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This post is intended to be an introductory overview of ADHD. Please note it is not a substitute for specific professional advice.
What is ADHD?
ADHD (attention-deficit/hyperactivity disorder) is a neurobehavioural disorder characterised by symptoms of inattentiveness, distractibility, hyperactivity, and impulsivity. These symptoms usually occur together; however, one may occur without the others.
Three primary types of ADHD include the following:
What does ADHD look like?
Individuals with ADHD of the inattentive and distractible type might find it difficult to concentrate on tasks at school or work and may daydream frequently. They may have some or all the following behavioural tendencies:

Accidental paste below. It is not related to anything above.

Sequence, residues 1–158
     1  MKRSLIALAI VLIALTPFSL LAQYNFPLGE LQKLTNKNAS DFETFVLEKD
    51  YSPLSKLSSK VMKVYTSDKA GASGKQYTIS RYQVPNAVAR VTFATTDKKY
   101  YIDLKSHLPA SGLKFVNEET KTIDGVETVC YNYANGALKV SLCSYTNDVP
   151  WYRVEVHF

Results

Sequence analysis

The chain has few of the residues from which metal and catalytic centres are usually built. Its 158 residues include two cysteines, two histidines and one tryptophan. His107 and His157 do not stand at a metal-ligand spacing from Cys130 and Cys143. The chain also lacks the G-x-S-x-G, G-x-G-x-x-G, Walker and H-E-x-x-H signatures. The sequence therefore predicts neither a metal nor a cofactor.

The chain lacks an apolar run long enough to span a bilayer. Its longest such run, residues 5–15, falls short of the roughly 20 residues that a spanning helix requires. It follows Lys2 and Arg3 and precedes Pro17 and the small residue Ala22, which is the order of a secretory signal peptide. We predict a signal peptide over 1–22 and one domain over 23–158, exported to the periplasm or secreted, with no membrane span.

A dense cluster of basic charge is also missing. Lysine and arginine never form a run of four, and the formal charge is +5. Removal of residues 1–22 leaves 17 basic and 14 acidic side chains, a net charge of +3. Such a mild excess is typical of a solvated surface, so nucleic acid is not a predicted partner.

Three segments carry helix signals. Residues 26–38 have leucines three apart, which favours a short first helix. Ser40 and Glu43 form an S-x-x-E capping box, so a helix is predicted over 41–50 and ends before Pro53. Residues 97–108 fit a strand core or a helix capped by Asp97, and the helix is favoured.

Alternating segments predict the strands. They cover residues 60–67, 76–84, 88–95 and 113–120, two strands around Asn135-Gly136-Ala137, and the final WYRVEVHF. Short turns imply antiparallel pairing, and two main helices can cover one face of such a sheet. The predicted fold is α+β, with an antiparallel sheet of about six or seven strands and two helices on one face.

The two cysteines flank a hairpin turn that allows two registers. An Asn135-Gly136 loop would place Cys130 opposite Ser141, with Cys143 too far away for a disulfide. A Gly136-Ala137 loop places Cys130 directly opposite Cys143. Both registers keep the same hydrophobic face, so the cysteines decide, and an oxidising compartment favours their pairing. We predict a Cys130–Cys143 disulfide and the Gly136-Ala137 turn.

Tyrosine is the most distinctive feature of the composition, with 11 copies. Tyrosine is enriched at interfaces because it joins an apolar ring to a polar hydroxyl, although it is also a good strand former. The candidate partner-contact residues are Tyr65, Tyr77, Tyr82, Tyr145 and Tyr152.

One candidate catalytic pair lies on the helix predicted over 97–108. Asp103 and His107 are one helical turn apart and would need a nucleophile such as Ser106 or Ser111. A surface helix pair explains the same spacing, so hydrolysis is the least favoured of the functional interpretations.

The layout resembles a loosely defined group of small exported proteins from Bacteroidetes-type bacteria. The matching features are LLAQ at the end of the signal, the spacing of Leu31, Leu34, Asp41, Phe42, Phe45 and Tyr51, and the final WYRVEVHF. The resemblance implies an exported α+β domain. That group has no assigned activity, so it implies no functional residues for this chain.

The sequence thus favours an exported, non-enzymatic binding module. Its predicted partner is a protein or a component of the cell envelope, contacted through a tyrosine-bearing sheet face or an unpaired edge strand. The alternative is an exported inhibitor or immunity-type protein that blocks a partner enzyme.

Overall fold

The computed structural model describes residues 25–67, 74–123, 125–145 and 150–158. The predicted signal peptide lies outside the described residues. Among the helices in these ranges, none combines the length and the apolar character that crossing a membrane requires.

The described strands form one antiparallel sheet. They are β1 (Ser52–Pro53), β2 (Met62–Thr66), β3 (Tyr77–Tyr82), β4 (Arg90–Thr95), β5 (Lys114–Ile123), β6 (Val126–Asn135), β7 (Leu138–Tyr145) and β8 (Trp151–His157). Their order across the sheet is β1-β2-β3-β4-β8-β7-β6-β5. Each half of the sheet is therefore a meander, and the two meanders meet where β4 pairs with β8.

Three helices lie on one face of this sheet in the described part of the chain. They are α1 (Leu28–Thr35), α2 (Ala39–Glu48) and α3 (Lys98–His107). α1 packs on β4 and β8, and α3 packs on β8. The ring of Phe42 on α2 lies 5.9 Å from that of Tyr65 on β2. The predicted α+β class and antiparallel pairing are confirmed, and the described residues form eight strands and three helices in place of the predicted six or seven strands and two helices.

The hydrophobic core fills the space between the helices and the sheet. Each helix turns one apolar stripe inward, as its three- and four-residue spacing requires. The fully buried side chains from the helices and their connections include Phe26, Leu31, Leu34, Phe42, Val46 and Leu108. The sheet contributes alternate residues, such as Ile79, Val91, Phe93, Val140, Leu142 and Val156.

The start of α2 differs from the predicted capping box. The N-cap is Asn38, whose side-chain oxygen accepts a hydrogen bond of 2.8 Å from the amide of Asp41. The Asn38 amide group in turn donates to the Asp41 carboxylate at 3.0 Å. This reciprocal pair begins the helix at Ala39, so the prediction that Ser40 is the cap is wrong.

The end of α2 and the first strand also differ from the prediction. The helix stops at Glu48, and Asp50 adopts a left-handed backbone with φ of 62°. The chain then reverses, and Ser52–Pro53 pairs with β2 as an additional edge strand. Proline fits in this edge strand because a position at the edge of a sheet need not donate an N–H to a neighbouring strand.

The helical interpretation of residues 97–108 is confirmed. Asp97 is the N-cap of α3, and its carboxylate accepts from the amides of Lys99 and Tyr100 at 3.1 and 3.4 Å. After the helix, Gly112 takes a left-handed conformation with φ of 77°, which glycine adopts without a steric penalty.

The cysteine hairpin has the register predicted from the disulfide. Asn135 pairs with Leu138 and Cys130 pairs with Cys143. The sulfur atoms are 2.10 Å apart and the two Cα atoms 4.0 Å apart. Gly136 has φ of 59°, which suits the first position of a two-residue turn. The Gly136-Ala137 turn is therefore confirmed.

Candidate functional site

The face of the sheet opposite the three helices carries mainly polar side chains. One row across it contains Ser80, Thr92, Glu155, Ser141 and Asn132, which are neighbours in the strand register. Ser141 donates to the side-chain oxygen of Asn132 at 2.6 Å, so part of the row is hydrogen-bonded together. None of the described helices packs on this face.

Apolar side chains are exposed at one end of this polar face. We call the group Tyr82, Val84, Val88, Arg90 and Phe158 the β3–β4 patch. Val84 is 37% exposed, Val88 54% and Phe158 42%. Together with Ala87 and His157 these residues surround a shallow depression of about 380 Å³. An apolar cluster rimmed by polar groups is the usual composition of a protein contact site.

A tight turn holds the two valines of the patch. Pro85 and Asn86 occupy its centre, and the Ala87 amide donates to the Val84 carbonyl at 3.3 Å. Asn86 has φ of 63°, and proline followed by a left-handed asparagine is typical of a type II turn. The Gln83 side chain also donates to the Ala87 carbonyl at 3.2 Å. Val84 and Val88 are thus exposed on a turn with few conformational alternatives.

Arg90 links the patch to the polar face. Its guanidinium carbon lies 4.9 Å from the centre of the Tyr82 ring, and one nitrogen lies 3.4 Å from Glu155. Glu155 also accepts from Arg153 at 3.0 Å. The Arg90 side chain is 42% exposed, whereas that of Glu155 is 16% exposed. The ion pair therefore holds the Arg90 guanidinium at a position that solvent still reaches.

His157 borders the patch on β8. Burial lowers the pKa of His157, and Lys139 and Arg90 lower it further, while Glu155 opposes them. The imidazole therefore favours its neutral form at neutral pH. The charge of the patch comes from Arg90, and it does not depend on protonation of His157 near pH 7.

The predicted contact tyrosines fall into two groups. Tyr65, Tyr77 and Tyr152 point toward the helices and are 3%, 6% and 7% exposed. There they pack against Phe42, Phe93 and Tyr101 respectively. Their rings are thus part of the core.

Individuals with ADHD of the impulsive/hyperactive type may have behavioural challenges and might struggle with social interactions. They may have behaviours such as:
Individuals with the combined type of ADHD have symptoms of inattentive and impulsive ADHD.
Did you know?
People with ADHD can hyperfocus on things that they are very interested in.
Hyperfocus (intense concentration) is also the reason children with ADHD often get upset when asked to stop doing something they are engaged in, like a favourite activity at school or playing a video game. They have what experts call an inability to “attention switch,” which can cause conflicts with adults.
How can we help?
At LDS, we support learners with diagnosed or suspected ADHD, from children through to adults. With our inclusive, comprehensive, and specialized one-to-one instruction programs, we support learners in developing their academic and executive function skills in each session, boosting student’s attention and learning. Most students with ADHD have deficits in their executive functions such as working memory and attention, though not all children with executive function issues have ADHD.
For more information about our programs, access our programs page on the website.